Time to Update Your eDiscovery SWOT Analysis! (If You Even Have One)

Time to Update Your eDiscovery SWOT Analysis! (If You Even Have One)
Written by Doug Austin, Editor of eDiscovery Today

Periodically, it’s a good idea to reassess your SWOT analysis and update as appropriate to address changing environmental opportunities and threats.  And with the impact that the COVID-19 pandemic has had on so many businesses, there has never been a better time to consider updating your SWOT analysis – or creating one in the first place if you didn’t already have one.

What is a SWOT Analysis?

What the heck is a “SWOT” analysis? It’s a structured planning method used to evaluate the Strengths, Weaknesses, Opportunities, and Threats associated with a specific business objective. That business objective can be a specific project or all of the activities of a business unit (e.g., your discovery practice). And it involves not only identifying that specific business objective but also identifying the internal and external factors that are favorable and unfavorable to achieving that objective.

The SWOT analysis breaks down as follows:

  • Strengths: Characteristics of the business or project that give it an advantage over others, such as activities your business unit does well, skills of your internal resources, etc.
  • Weaknesses: Characteristics that place the team at a disadvantage relative to others, such as attributes that you don’t have (but your competitors do), resource limitations, etc.
  • Opportunities: Elements in the environment that the project could exploit to its advantage, such as emerging need for your products or services, lack of competition, etc.
  • Threats: Elements in the environment that could cause trouble for the business or project, such as emerging competitors, change in economic conditions, etc.

Strengths and opportunities are helpful to your business unit; weakness and threats are harmful to it. Strengths and weaknesses are internal in origin and are attributes of your business unit, while opportunities and threats are external in original and are attributes of the environment that affects your business unit – many of your strengths or weaknesses may in fact be in response to those opportunities and threats.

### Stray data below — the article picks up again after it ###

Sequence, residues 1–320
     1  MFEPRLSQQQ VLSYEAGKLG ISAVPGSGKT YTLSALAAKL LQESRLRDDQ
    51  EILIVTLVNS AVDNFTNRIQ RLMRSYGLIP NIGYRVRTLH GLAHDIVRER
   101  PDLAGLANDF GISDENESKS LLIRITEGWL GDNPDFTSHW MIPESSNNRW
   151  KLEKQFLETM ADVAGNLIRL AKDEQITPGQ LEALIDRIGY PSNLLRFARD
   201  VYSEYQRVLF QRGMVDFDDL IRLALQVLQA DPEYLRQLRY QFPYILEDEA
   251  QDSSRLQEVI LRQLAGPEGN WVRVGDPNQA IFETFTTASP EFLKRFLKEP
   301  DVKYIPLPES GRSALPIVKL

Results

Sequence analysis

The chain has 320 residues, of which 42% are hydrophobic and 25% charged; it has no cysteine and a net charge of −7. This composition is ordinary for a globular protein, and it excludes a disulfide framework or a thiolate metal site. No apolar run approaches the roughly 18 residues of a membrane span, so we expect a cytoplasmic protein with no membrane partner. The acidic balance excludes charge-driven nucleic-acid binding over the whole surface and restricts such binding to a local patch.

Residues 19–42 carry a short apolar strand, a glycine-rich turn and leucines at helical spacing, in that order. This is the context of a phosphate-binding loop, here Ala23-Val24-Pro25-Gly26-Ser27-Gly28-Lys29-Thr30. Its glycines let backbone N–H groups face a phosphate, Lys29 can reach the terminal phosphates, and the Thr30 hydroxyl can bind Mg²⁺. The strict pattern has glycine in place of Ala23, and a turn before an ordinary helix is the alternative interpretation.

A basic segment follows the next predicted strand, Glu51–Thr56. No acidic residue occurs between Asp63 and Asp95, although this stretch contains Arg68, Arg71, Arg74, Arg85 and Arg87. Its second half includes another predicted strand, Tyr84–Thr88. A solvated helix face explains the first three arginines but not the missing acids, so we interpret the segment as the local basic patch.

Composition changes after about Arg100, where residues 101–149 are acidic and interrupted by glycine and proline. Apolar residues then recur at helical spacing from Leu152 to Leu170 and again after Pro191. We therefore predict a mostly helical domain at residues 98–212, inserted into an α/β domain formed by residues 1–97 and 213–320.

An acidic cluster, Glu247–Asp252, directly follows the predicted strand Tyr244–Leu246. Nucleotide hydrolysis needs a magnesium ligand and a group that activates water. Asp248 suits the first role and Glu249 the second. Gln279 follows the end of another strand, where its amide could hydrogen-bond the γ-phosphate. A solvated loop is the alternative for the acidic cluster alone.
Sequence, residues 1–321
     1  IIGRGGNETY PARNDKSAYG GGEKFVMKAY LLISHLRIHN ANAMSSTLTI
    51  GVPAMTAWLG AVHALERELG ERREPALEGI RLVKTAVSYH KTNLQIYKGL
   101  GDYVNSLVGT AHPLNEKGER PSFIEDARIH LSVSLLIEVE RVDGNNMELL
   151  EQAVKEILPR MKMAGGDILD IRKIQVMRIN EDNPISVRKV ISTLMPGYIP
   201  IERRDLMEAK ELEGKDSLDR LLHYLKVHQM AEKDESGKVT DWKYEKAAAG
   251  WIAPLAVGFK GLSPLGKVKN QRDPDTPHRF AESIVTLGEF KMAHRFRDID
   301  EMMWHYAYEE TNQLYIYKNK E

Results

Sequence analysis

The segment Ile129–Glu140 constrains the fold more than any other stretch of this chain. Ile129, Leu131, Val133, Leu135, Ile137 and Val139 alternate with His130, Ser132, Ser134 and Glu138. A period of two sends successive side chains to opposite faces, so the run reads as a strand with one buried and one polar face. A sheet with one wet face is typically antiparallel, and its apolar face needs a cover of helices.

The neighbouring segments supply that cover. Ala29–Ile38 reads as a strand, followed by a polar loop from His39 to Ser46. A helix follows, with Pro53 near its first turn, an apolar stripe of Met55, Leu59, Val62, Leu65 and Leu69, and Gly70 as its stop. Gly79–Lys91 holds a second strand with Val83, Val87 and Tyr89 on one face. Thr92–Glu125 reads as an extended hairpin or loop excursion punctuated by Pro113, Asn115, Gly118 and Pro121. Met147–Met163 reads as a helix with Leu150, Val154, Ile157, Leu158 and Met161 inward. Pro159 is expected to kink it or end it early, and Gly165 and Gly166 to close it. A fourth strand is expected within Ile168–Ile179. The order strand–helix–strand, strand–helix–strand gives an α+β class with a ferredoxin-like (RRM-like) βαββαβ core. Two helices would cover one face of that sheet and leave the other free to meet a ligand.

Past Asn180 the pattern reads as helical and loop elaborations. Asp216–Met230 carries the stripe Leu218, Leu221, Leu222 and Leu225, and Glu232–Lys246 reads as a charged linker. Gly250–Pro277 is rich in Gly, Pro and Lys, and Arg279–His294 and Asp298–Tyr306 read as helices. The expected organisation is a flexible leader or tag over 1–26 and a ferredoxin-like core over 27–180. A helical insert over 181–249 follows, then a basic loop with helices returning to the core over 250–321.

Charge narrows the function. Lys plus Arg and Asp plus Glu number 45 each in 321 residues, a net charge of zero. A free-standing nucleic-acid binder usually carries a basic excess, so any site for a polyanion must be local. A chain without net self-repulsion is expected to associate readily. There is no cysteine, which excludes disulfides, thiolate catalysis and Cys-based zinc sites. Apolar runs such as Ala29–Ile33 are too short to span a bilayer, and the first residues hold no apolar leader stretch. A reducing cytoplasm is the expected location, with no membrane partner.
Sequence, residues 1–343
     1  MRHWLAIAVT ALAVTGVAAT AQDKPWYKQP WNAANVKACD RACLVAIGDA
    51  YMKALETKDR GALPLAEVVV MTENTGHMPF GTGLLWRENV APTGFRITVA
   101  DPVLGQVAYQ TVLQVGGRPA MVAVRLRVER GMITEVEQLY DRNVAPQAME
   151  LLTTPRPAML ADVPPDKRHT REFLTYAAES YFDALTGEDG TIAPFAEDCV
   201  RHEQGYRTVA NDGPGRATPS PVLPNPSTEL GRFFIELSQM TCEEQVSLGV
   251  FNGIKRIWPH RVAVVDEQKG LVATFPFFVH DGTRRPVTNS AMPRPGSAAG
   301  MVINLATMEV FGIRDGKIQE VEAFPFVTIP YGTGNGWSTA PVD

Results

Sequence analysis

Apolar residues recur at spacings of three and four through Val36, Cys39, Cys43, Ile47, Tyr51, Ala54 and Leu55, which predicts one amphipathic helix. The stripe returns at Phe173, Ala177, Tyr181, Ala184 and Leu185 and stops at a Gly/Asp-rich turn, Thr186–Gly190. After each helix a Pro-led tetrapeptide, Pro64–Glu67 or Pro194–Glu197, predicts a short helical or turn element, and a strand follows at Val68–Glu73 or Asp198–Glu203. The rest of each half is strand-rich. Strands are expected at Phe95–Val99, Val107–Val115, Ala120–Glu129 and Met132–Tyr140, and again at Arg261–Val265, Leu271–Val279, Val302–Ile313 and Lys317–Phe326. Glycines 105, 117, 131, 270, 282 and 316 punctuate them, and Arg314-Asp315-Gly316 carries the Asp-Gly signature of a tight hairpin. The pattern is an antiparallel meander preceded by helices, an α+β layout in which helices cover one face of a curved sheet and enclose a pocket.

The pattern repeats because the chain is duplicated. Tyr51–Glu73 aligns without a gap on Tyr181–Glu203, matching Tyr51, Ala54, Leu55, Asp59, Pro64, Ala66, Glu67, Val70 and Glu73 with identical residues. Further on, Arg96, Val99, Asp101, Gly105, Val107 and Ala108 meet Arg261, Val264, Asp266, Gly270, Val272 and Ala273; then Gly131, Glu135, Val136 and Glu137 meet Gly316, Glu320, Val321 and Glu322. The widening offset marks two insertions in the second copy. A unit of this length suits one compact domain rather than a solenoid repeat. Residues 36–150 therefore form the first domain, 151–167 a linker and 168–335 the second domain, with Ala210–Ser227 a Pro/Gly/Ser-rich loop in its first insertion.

Defining your “competitors” depends on what your business unit is designed to do. If you’re a litigation unit (in a corporation and/or law firm), your competitors could be the other side in a specific case. If you’re an eDiscovery provider, your competitors could be other providers with which you’re competing for business.

How to Conduct a SWOT Analysis:

To conduct a SWOT analysis, create a 2 x 2 matrix with the strengths and weaknesses on one row and the opportunities and threats on the following row.  You can easily create one using Excel or Word tables. Here is an example of what an empty SWOT analysis can look like, courtesy of Wikipedia.  Once you have constructed an empty SWOT analysis, you then proceed to list your business unit’s strengths and weaknesses and the opportunities and threats affecting your business unit in the respective boxes.  The exercise can help you make decisions about areas for your business unit to address to maximize its success.

Example eDiscovery SWOT Analysis:

While there are certainly threats during this challenging time, there are also opportunities that can impact your business as well, if you’re prepared to take advantage of them. Let’s take a look at a few of both:


  • While this would be considered a “threat” for non-litigation related businesses, there is expected to be a large swell of litigation cases filed related to the pandemic and associated economic challenges derived from it that could lead to additional business for litigation and eDiscovery providers.
  • Layoffs at many eDiscovery providers and law firms have led to a huge available talent pool of qualified talent in eDiscovery. There has never been a better time to add talented and experienced staff to move your company forward.
  • The move toward remote work has opened up the talent pool available to fill open positions. Geographical location/willingness to relocate has been effectively limited as a position requirement for many positions, causing the list of potential qualified candidates to expand considerably.


  • Court closures have slowed case dockets, which have (in turn) reduced requests for eDiscovery services, at least in some cases in the short term.
  • Business uncertainty has led to fewer requests for eDiscovery services, extended payment cycles for services and software or even potential defaults on payments for companies going bankrupt.
  • Lack of in-person interaction with clients and prospects in meetings and at conferences have affected the ability for eDiscovery providers to attract new customers or retain existing ones.

Sometimes, a factor could be either an opportunity or a threat, depending on your situation. For example:

  • Closing of offices has forced eDiscovery providers to offer their services remotely.

This could be a threat if your company wasn’t prepared to offer remote services when the pandemic hit. But it could be an opportunity if you were already providing a well-defined remote alternative for those services as your organization is now ahead of those who did not have a well-defined remote offering.

Regardless, the opportunities and threats derived from the COVID-19 pandemic are unique to each business, and it’s an ideal time to update your SWOT analysis to address them to maximize the success of your business unit.

Be sure to tune in to hear Doug Austin, Tom O’Connor, and Jim Gill discuss:
How to Conduct a Legal SWOT Analysis on 9/9!